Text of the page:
Each week you will perform Extensive Aerobic Workouts in all three disciplines to improve your aerobic base and increase your body’s ability to burn fat for fuel. These workouts are the longest of each discipline that you will perform each week with the focus on keeping the intensity aerobic (enough oxygen is present to create energy from fat stores). For the majority of these workouts your heart rate will be maintained in zone 1 but will at times move into zone 2, particularly on uphill stages of your run and bike workouts. It is vital that you stick to the heart rate zones provided in these workouts as allowing you heart rate to exceed these zones will reduce your ability to build your aerobic base and improve your fat burning potential.

But that means I have to walk when I’m supposed to be running!!!!

In short – YES IT DOES!

This is the most common feedback we get from all our athletes.

There will be times when you may have to walk to prevent your heart rate exceeding the limit of your aerobic zone. Pick your route wisely, avoid too many hills where possible and when your heart rate tells you to walk – WALK! Many athletes find it hard to discipline themselves to do this, particularly if they’re used to working as hard as they can in every workout. However, to build your aerobic base, you need to train in an aerobic training zone. Enjoy this feeling, over time your workouts will become much tougher.

Training slowly will not make you race slowly! The more extensive aerobic work you perform the less you will need to walk. Over a period of weeks you will notice that you are able to run more at a lower heart rate and run faster with the same amount of effort. As your programme progresses and your aerobic base increases, these workouts will gradually increase in duration and you will be ready to begin some high intensity work and increase your heart rate into zones 3 and 4.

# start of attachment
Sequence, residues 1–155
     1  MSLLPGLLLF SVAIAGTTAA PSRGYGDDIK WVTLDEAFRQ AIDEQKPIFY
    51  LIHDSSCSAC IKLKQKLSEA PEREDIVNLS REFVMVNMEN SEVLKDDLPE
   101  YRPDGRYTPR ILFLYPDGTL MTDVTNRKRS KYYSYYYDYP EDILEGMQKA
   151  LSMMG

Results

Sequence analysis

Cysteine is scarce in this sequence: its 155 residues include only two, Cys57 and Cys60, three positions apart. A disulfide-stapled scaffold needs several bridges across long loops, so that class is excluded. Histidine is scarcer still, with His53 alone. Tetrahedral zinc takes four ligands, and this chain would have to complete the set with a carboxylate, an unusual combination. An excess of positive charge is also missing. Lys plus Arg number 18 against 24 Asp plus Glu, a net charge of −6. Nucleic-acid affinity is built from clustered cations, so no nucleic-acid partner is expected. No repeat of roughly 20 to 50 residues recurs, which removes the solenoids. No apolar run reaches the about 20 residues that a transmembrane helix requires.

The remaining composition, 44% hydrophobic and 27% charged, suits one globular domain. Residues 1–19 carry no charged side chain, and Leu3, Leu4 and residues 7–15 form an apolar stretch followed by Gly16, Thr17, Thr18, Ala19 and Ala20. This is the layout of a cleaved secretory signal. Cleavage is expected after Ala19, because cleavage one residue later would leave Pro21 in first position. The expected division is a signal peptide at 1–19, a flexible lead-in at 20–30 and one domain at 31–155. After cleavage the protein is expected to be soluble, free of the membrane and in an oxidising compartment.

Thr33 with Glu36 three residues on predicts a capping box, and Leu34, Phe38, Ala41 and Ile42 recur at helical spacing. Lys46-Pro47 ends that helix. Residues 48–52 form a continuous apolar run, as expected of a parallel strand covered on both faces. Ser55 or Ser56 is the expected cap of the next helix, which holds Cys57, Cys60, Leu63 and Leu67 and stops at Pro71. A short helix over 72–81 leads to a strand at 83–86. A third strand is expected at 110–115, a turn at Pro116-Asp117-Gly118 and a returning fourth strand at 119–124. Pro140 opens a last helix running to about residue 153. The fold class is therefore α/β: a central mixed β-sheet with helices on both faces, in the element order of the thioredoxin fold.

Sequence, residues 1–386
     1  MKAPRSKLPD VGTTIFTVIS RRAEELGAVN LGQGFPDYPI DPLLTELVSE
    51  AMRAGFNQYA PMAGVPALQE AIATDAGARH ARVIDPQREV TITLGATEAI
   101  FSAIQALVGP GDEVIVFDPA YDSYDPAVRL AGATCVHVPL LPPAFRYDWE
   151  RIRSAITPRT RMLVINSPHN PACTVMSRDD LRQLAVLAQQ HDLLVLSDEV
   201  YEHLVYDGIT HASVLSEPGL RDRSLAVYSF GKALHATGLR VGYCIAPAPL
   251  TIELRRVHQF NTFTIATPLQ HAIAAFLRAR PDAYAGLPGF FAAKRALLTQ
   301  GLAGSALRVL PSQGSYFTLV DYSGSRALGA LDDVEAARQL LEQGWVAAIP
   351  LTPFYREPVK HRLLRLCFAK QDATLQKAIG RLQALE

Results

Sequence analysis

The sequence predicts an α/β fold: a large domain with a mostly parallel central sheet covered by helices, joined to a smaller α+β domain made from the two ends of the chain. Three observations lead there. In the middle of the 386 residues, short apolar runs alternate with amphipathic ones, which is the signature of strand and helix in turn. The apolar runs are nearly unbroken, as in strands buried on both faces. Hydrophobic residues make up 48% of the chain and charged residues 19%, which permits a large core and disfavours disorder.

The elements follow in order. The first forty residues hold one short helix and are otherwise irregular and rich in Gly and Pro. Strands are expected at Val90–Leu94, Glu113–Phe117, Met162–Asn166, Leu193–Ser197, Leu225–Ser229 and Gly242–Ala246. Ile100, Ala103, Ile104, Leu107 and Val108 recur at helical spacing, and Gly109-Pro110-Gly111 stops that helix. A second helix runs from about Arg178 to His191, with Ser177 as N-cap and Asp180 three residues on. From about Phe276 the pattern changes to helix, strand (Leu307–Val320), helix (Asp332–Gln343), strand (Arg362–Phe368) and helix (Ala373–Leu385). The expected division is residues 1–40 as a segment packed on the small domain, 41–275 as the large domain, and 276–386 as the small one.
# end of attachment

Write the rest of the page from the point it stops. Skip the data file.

Training in Zone: 3 – The Threshold Zone

Your anaerobic threshold reflects your maximal sustainable heart rate. With any further increases in heart rate above the anaerobic threshold you would start to accumulate lactic acid rapidly in your muscles. When this happens you start to quickly fatigue, your legs start to feel heavy and ultimately, you have to slow down.

By performing workouts in the threshold zone, the heart rate at which your anaerobic threshold is reached will begin to increase. Over time, you will be able to work at higher heart rates for longer without the build up of lactic acid, therefore your maximum sustainable pace (race pace) will be higher. Your muscles will also become more efficient at tolerating lactic acid and removing it quickly. This will enable you to get back to your race pace quickly after running or cycling up a hill when your muscles will probably have began to accumulate lactic acid.

The heart rate that indicates your anaerobic threshold will be determined 12 weeks before your race. During this final stage of your programme you will perform a series of interval training sessions in which you will push the intensity up to and above this heart rate. Training in the threshold zone will feel very challenging and it is important that you have developed a good aerobic base beforehand.

Training in Zone: 4 – The Speed Zone

Training in the speed zone involves performing short, maximal intensity sprint intervals in which your heart rate will increase to near maximum levels. Speed training sessions will improve your capacity to accelerate, initiate a change of pace, and improve your race pace. Without speed, you will only have one pace and will be unable to perform significant changes in pace without becoming heavily fatigued. Again, these workouts will feel very challenging and to get the maximum benefit from them, you need to have a good base level of aerobic fitness.